Even If MSME Registration Obtained Post Commencement Of CIRP, the Promoter is Eligible to Submit Resolution Plan by taking the exemption under Section 240A of IBC – Insolvency and Bankruptcy Code, 2016.

Posted On - 22 December, 2023 • By - King Stubb & Kasiva

Civil Appeal No.4422/2023 Decided on 29th November 2023.


The Supreme Court has held that the Promoter of a Corporate Debtor is eligible to submit a resolution plan in terms of Section 240A of the Insolvency and Bankruptcy Code, 2016 (“IBC”), even if the Corporate Debtor was registered as Micro Small Medium Enterprise (“MSME”) after commencement of Corporate Insolvency Resolution Process (“CIRP”). The Division Bench of Supreme Court has set aside an order passed by the National Company Law Appellate Tribunal (“NCLAT”), wherein the Promoter of a MSME Corporate Debtor was declared ineligible to submit a plan on the premise that the MSME certificate was obtained post commencement of CIRP.

Facts of the case:

On 06.04.2021, Shree Aashraya Infra-Con Limited (“Corporate Debtor”) was admitted into CIRP under IBC, by the National Company Law Tribunal (“NCLT”). Subsequently, the Corporate Debtor was registered as Micro, Small and Medium Enterprise (“MSME”) on 15.07.2021.Mr. Hari Babu Thota (“Appellant”) was appointed as the Resolution Professional of the Corporate Debtor. The Resolution Professional presented a plan before the National Company Law Tribunal, Bengaluru as propounded by the promoters and approved by the Committee of Creditors [COC] but in terms of the order dated 28.02.2023, the application was dismissed on the ground that the promoters could not have presented the plan as per Section 29A of IBC which puts a bar on certain persons from becoming a resolution applicant.


Whether the Corporate Debtor not having an MSME status at the time of commencement of CIRP, would disqualify the Resolution applicant under Section 29A of IBC as benefit of Section 240A would not be available?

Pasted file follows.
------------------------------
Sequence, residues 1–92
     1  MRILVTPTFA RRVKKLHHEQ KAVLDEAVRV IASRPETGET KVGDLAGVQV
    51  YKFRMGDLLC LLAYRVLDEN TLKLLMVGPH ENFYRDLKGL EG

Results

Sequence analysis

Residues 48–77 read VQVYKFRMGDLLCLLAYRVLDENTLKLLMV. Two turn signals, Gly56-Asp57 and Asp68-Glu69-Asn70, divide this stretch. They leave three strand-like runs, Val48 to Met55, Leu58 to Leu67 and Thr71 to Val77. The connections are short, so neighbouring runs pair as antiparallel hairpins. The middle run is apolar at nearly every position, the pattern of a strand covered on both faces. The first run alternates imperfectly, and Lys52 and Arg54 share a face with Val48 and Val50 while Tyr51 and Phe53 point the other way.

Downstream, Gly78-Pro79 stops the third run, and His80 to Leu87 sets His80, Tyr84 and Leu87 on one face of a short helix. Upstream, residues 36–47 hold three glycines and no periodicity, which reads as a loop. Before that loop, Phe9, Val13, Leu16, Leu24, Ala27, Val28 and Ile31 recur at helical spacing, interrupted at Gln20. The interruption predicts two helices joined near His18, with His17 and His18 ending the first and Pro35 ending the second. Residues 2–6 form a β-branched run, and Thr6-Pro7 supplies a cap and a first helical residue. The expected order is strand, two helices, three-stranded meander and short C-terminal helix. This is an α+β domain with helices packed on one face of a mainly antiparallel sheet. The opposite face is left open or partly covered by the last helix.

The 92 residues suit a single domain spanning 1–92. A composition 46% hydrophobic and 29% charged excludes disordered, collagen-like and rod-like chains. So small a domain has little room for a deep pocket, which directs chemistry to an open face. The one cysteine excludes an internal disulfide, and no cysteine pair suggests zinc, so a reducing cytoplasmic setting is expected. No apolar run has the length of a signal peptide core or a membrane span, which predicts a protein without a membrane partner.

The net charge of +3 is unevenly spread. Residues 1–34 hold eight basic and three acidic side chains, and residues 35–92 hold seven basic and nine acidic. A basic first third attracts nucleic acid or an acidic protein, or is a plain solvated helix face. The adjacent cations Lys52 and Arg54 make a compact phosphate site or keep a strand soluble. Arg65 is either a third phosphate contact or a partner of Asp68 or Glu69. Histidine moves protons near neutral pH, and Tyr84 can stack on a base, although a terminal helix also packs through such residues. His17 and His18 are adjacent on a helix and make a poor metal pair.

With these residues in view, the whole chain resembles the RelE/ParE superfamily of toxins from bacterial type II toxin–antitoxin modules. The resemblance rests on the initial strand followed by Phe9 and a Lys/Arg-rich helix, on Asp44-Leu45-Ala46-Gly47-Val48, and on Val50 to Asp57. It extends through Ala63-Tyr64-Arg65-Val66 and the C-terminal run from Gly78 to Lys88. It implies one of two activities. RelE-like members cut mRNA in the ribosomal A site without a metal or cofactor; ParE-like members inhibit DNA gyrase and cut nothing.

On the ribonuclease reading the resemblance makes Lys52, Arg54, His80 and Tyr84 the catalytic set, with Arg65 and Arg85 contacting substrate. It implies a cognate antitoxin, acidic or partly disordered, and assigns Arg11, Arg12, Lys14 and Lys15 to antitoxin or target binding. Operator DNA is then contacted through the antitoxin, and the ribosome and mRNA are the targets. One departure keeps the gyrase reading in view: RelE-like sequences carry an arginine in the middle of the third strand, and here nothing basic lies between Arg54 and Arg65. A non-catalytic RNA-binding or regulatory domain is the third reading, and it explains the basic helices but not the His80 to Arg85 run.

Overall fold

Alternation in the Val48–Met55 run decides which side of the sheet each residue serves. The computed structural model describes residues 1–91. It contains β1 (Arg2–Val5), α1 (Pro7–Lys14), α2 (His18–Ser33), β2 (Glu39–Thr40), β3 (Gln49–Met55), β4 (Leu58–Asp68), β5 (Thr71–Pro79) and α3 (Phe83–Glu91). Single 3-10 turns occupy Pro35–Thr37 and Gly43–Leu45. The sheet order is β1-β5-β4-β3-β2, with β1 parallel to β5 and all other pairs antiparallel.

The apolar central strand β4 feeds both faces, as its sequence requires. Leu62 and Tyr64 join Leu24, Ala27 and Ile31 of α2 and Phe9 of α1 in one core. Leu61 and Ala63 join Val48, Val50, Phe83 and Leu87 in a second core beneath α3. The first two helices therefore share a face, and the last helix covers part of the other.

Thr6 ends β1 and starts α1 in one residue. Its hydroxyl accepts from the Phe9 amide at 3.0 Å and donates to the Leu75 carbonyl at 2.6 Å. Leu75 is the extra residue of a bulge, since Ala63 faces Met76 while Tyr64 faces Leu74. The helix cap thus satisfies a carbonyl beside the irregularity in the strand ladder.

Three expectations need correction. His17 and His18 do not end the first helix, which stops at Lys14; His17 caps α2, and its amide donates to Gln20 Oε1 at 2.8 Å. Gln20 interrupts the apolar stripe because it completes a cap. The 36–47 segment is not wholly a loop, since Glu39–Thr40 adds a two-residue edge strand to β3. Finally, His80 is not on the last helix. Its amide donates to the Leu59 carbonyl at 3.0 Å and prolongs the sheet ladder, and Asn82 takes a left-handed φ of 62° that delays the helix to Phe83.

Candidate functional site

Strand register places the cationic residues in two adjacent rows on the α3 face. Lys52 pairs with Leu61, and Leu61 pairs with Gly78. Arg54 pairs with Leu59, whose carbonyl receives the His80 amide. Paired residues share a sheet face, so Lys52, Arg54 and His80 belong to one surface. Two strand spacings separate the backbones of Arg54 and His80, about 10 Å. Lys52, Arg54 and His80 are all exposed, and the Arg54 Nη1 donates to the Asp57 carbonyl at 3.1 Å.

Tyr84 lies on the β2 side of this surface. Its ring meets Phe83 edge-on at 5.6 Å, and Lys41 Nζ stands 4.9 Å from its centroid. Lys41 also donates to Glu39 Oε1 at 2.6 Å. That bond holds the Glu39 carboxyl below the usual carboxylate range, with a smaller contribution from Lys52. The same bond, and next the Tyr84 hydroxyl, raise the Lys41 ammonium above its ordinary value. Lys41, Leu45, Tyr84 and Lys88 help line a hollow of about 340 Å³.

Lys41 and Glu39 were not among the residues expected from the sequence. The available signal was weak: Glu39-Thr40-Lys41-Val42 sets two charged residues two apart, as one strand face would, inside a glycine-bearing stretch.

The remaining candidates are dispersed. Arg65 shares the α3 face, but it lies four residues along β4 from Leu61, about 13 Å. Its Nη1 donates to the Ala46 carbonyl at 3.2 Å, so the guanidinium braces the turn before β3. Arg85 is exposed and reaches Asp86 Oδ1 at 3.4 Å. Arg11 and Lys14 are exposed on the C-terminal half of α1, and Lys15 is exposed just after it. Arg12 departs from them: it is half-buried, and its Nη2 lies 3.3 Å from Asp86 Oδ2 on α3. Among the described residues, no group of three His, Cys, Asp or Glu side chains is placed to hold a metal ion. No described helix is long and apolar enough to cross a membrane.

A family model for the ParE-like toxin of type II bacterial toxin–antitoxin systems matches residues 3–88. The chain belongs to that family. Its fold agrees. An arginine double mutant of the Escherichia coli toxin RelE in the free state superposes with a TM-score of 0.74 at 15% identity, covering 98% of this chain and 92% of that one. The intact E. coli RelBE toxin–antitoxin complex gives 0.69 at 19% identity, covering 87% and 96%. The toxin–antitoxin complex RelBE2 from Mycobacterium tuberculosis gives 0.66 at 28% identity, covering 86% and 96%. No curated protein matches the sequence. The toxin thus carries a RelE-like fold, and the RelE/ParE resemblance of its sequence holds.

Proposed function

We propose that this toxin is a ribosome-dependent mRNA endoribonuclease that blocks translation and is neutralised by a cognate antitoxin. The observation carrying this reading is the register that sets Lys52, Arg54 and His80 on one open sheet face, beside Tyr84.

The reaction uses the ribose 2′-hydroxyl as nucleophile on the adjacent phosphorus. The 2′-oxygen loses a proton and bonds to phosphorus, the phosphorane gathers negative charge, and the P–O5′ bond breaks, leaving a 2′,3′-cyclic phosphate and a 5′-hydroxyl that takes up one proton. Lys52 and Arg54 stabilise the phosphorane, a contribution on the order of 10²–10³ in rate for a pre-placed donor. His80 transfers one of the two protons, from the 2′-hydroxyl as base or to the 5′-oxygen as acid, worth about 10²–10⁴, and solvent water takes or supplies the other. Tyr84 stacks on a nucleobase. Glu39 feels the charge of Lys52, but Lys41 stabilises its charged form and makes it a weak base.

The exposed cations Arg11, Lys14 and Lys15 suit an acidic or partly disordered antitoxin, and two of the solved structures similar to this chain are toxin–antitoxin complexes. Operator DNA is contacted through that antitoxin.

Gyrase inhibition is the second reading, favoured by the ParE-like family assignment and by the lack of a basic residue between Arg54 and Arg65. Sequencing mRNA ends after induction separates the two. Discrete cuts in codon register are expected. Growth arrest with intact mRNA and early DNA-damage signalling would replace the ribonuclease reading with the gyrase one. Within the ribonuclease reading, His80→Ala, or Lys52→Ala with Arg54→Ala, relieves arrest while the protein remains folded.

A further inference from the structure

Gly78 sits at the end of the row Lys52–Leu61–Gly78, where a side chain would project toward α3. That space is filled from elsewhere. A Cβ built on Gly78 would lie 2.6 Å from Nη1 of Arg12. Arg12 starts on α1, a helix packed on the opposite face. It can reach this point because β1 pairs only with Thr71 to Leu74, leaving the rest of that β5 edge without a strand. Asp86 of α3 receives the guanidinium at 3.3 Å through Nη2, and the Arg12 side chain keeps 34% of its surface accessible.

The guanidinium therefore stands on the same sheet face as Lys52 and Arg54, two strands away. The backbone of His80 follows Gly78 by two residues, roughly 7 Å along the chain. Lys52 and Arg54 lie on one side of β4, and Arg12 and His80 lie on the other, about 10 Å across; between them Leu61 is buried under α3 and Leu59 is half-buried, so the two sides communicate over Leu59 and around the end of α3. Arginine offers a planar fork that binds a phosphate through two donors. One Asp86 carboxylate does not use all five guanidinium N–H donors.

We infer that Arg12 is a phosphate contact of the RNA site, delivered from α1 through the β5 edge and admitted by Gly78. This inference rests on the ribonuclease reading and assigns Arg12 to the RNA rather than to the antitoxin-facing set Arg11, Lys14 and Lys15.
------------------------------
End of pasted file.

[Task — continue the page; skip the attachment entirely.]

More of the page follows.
Court examined section 29Awhichlists down the persons ineligible to submit a resolution plan for the Corporate Debtor, including the Promoters and Related Party of the Corporate Debtor and Section 240A which provides that the bar under Section 29A to submit a plan would not apply in the CIRP of MSME Corporate Debtor. Consequently, the Promoter of a MSME Corporate Debtor is eligible to submit a resolution plan for the same by availing benefit of exception given under Section 240A of IBC. The Court opined that in the case at hand, there are no bank dues/outstanding which would at all invite a concept of NPA much less the period of one year. Further, only one preferential transaction was identified by the Resolution Professional but NCLT has not passed any order in that regard. Lastly, Section 29A(h) has no factual application in the given scenario.

It was concluded that in terms of Section 29A, the Promoter of the Corporate Debtor was not disqualified per se to dis-entitle him from presenting the plan. The Court took the view that exempting MSME from application of Section 29A has been done due to the nature of business carried out by such entities. The Court has set aside the NCLT and NCLAT orders and has held that even if the MSME registration was obtained post commencement of CIRP, the Promoter of such Corporate Debtor would be eligible to submit a resolution plan in terms of Section 240-A of IBC.


This Judgement is a welcome step as it upholds the intent behind inclusion of section 240A, rather than defeating the purpose of the section by getting into the technicalities. Though this Judgement considers the overall scheme of things, the judiciary shall maintain a balanced approach and the ambit of Section 240A shall not be widened to the extent that it dilutes the purpose of Section 29A of IBC 2016.